Kutaragi forced off Sony's board

The father of the PlayStation gets booted from his position as Sony’s executive deputy president as part of a major executive shuffle.


TOKYO--Today, Sony announced a major reshuffling of its board of directors. As a part of the changes, Sony Computer Entertainment president Ken Kutaragi, 54, will step down from his position as executive deputy president of the Sony group. Industry watchers were stunned at the announcement, as Kutaragi had been considered a likely candidate for the top spot at Sony. He will remain with Sony as the head of the SCE gaming division and will also be given a new title, that of group executive officer, as of April 1.

In addition to resigning as executive deputy president, Kutaragi will also step down as head of Sony's home electronics and semiconductor solutions divisions. The home electronics division will be taken over by executive deputy president Katsumi Ihara, 54, who has been seen as Kutaragi’s main rival for the top spot at Sony. Unlike Kutaragi, Ihara will continue to hold his position as executive deputy president on the board. The semiconductors solutions division will be managed by Sony executive deputy president Ryoji Chubachi, 57.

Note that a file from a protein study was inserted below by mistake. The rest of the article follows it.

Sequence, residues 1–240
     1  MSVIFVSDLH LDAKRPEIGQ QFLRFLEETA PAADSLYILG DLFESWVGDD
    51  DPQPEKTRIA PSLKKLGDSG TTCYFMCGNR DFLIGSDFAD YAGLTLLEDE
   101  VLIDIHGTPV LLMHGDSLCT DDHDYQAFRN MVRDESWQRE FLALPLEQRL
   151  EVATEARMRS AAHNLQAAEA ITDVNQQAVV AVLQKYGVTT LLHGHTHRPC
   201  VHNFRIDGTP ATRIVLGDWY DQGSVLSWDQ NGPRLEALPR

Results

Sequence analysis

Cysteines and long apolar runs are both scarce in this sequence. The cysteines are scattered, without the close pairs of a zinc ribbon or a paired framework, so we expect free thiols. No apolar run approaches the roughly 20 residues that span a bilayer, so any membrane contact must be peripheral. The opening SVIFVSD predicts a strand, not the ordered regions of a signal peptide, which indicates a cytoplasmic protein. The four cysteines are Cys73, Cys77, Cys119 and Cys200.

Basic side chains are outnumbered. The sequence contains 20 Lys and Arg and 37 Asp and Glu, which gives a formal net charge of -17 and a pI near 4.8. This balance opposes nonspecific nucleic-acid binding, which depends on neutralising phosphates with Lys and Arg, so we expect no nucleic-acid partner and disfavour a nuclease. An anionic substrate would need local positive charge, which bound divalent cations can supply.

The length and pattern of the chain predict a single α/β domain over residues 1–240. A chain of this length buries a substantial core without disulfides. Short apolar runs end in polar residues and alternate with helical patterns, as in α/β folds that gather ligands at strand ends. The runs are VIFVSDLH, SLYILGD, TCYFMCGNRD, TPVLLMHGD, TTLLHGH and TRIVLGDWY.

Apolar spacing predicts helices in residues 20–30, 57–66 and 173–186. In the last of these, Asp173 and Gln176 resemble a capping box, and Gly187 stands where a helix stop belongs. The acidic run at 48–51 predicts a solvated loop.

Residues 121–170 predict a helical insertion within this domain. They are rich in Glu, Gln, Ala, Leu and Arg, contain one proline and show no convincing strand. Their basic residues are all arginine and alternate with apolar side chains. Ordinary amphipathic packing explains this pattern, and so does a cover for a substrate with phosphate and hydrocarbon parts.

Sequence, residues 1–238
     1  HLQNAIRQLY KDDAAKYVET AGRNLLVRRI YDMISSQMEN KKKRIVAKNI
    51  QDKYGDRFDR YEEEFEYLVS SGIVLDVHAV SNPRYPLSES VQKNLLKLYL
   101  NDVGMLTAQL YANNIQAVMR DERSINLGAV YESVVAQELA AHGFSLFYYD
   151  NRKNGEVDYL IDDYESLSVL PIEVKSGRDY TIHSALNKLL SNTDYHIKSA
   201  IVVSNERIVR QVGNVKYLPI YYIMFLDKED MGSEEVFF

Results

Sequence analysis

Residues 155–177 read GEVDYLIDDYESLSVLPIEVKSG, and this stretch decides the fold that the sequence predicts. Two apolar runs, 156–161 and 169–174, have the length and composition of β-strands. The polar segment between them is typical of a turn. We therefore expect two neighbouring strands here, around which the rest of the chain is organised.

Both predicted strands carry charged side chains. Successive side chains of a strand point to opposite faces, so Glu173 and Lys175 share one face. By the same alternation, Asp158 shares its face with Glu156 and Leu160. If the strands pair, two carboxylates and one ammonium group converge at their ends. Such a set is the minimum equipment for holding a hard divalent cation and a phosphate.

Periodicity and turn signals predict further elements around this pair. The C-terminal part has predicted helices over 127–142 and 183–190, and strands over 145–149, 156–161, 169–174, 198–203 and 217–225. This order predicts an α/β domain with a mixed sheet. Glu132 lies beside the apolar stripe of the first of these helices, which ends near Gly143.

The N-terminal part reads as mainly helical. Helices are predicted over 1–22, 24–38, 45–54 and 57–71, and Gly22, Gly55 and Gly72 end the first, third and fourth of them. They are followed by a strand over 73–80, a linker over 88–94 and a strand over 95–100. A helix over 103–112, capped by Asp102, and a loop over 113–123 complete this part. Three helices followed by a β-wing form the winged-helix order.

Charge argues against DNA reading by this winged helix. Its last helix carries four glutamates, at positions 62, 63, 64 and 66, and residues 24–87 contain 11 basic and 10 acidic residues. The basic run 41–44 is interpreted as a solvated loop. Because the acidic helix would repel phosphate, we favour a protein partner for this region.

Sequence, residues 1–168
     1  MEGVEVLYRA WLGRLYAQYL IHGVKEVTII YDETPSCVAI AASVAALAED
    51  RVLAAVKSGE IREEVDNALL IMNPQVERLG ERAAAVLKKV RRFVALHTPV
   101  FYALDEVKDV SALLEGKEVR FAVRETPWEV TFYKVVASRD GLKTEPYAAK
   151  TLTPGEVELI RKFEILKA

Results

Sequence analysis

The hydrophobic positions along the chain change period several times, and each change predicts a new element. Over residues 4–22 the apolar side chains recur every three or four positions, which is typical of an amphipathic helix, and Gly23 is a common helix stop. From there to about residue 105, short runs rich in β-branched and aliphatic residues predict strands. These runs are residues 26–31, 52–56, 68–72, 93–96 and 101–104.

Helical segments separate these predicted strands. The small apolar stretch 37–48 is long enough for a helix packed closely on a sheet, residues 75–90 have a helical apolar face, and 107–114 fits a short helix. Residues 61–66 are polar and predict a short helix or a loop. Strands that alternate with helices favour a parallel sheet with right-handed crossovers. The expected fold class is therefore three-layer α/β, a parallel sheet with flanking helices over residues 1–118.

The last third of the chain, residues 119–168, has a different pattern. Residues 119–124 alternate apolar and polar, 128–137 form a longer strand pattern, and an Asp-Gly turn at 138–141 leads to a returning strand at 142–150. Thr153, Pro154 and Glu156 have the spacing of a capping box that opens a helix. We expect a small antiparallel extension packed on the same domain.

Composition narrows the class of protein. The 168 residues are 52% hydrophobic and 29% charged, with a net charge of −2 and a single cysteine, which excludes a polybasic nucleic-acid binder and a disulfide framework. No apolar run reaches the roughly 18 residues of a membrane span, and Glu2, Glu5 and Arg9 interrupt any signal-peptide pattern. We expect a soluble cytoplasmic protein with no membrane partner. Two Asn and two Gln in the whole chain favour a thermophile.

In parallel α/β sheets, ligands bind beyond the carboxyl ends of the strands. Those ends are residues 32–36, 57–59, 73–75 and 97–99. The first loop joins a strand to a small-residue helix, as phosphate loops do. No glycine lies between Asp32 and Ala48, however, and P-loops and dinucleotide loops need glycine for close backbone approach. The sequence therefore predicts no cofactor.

Sony also announced that its CEO, Nobuyuki Idei, 67, will resign after final decisions are made at the general shareholders meeting on June 22. Taking over Idei's position will be Howard Stringer, 63, Sony group vice chairman and head of Sony Corporation of America. This will be the first time since its establishment in 1946 that Sony will appoint a foreigner to lead its operations.

Stringer joined Sony in 1997 and led the company to acquire Metro-Goldwyn-Mayer (MGM) last year. Prior to joining Sony, Stringer had a 30-year career as a journalist, producer, and executive at CBS, including seven years as president from 1988 to 1995. Since Stringer's specialties are concentrated in the content and software sector, analysts expect that Chubachi will be managing Sony's electronics businesses. While Sony's electronics division accounts for more than 60 percent of the group's total sales, it has been falling behind in its operations, such as with its late entrance into the flat-screen TV market. In January, Sony lowered its operating profit estimate for the current business year by 31 percent due to falling prices of electronic products, such as TV and DVD recorders, bringing analysts to speculate the possibility that the electronics division may face its second year of red ink.

Along with CEO Idei, Sony president Kunitake Ando, 63, is also scheduled to step down from his position, which Chubachi will also take over.

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